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  • Out of stock

    Boxed Set of 12 Chinese Calendar Tales

    HK$1,198.00
    • USD: US$152.96
    • CNY: CN¥1,106.83
    • GBP: £123.55
    • EUR: €143.47
    • AUD: AU$238.20
    • CAD: CA$210.33
    • JPY: ¥23,647

    Illustrated by Harry Harrison

    An entire set of all 12 Chinese Calendar Tales, plus companion title The Tale of Pin Yin Panda, in a beautiful display box. Perfect as a gift for Chinese New Year, Christmas, birthdays or any other special occasion!

    Includes:

    The Tale of Run Run Rat / The Tale of Oswald Ox / The Tale of Temujin [Tiger] / The Tale of Rhonda Rabbit / The Tale of Chester Choi [Dragon] / The Tale of Sybil Snake / The Tale of a Dark Horse / The Tale of Rodney Ram / The Tale of Ming Kee Monkey / The Tale of Rickshaw Rooster / The Tale of Desmond Dog / The Tale of Ping Pong Pig / The Tale of Pin Yin Panda

  • Sale!

    Trading Places: A photographic journey through China’s former Treaty Ports

    Original price was: HK$580.00.Current price is: HK$480.00.
    • USD: US$61.29
    • CNY: CN¥443.47
    • GBP: £49.50
    • EUR: €57.48
    • AUD: AU$95.44
    • CAD: CA$84.27
    • JPY: ¥9,475

    With a foreword by Professor Robert Bickers

    China’s treaty port era extended from the 1840s to 1943, during which time foreigners had a significant presence. This book contains more than 700 photographs of many buildings from this period, most of them commissioned by foreign interests. Many argue that they should never have been built, let alone still be standing. But this book is not concerned with the rights and wrongs of how these buildings came to be. It simply celebrates their existence. A significant number are innately beautiful and all of them embody a history that has clear and present links to our own time and thus remain relevant.

    This book was driven by the author’s interest in the history of China’s treaty port era, in which several generations of his family played a part. It is a tribute to the buildings that remain as a reminder of the past, and a guide to where to find them.

  • A Danger Shared: A Journalist’s Glimpses of a Continent at War

    HK$450.00
    • USD: US$57.46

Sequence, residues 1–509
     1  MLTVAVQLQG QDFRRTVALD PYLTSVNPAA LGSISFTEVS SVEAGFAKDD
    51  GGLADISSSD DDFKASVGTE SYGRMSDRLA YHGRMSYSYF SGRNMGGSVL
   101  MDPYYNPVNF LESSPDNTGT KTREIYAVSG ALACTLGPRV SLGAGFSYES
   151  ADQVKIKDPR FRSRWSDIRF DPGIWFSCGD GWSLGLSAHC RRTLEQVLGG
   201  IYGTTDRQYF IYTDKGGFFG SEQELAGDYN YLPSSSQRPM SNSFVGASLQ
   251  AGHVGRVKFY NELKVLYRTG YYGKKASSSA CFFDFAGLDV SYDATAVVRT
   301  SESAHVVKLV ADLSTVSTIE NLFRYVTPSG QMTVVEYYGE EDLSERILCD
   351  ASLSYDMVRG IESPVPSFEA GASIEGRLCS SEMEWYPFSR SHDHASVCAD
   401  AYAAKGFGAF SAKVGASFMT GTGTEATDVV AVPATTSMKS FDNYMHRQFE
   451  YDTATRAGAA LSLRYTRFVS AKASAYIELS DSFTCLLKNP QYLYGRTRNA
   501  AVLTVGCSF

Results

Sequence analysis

• CNY: CN¥415.76
    • GBP: £46.41
    • EUR: €53.89
    • AUD: AU$89.47
    • CAD: CA$79.01
    • JPY: ¥8,883

    Photographs by Melville Jacoby / Text by Bill Lascher / Foreword by Paul French

    A Danger Shared: A Journalist's Glimpses of a Continent at War provides a searing visual history of Asia during World War II as seen by foreign correspondent Melville Jacoby.

    In this meticulously curated collection of never-before-seen images, readers experience glamorous Macau soirées, visit Guangxi farms, and witness wartime Chongqing’s wreckage and resilience. Along the way, Jacoby treats Filipino fishermen and Hanoi flower-sellers with the same care as the Soong sisters, Chiang Kai-Shek, and other icons.

    Through scenes of everyday friendship, toil, and commerce alongside bombed classrooms, anxious refugees, and exhausted soldiers, A Danger Shared documents humanity’s persistence at a cataclysmic historical moment.

    Look inside this book:
    Introduction

  • Dear Hong Kong vol.1 -《鄉港家書》第一冊

    HK$360.00
    • USD: US$45.96
    • CNY: CN¥332.60
    • GBP: £37.13
    • EUR: €43.11
    • AUD: AU$71.58
    • CAD: CA$63.21
    • JPY: ¥7,106

     

    Dear Hong Kong is a photo book about diversity and identity. This first volume is a snapshot of inspiring people from 80 parts of the world who live in Hong Kong and have contributed to our society. It is a tribute to the unique spirit of Asia’s world city in 2020. Come in and let the colourful human stories of Hong Kong touch you.

    Bilingual: English / Traditional Chinese

    《鄉港家書》是一本充分展現香港獨有多元文化的相冊。這裡記錄了80個來自不同地方,卻扎根在同一個香港的「異鄉人」的故事,訴說著他們為這城市默默作出的貢獻。我們謹以此書獻給2020年的香港 —— 一個與眾不同的亞洲國際城市。我們被這些故事牽動著心弦,希望讀者也可以像我們一樣,從字裡行間投入書中每個人真摯動容的故事中。

    中/英對照

  • Out of stock

    Thirty-six Views of Lion Rock

    HK$350.00
    • USD: US$44.69
    • CNY: CN¥323.37
    • GBP: £36.10
    • EUR: €41.92
    • AUD: AU$69.59
    • CAD: CA$61.45
    • JPY: ¥6,909

    by Romain Jacquet-Lagrèze, published by Blue Lotus Editions

    Lion Rock is not just any mountain. It’s Hong Kong’s most famous peak, laden with symbolism and meanings that are evolving over time. Inspired by Hokusai’s important woodblock series “Thirty-six Views of Mount Fuji” which was created in 1830, Romain set out to capture Hong Kong’s famous peak in a similar yet contemporary fashion, in order to express the many faces of this legendary mountain top.

    Lion Rock is featured in each of the photos, some in the far distance obscured by high-rise buildings, traffic or bustling markets. In other images, it is more prominent, far removed from the urban jungle, oozing peace and tranquility. Some photos are shot at the break of day, others during the blue moment at dusk. In short, Thirty-six Views of Lion Rock reads like a letter to the mountain that Hongkongers know and love so well.

  • Paper Horses: Traditional Woodblock Prints of Gods from Northern China

    HK$288.00
    • USD: US$36.77
    • CNY: CN¥266.08
    • GBP: £29.70
    • EUR: €34.49
    • AUD: AU$57.26
    • CAD: CA$50.56
    • JPY: ¥5,685

    In 2020 a large album of “paper horses” – prayer prints of Chinese gods – appeared for sale. How had these fragile things, cheaply printed in the 1940s and meant to be ritually burned soon after purchase, survived intact for so long? And how come there were at least three other identical sets in collections around the world?

    In answering this mystery, author David Leffman explores the history and techniques behind traditional Chinese woodblock printing, which dates back to at least the Tang dynasty (618-907). All 93 “paper horses” in the original album are reproduced alongside biographies of the gods, spirits and demons depicted, providing an illustrated introduction to the complex and fascinating world of Chinese folk religion.

    LOOK INSIDE THIS BOOK
    Click the following links to read excerpts from the book.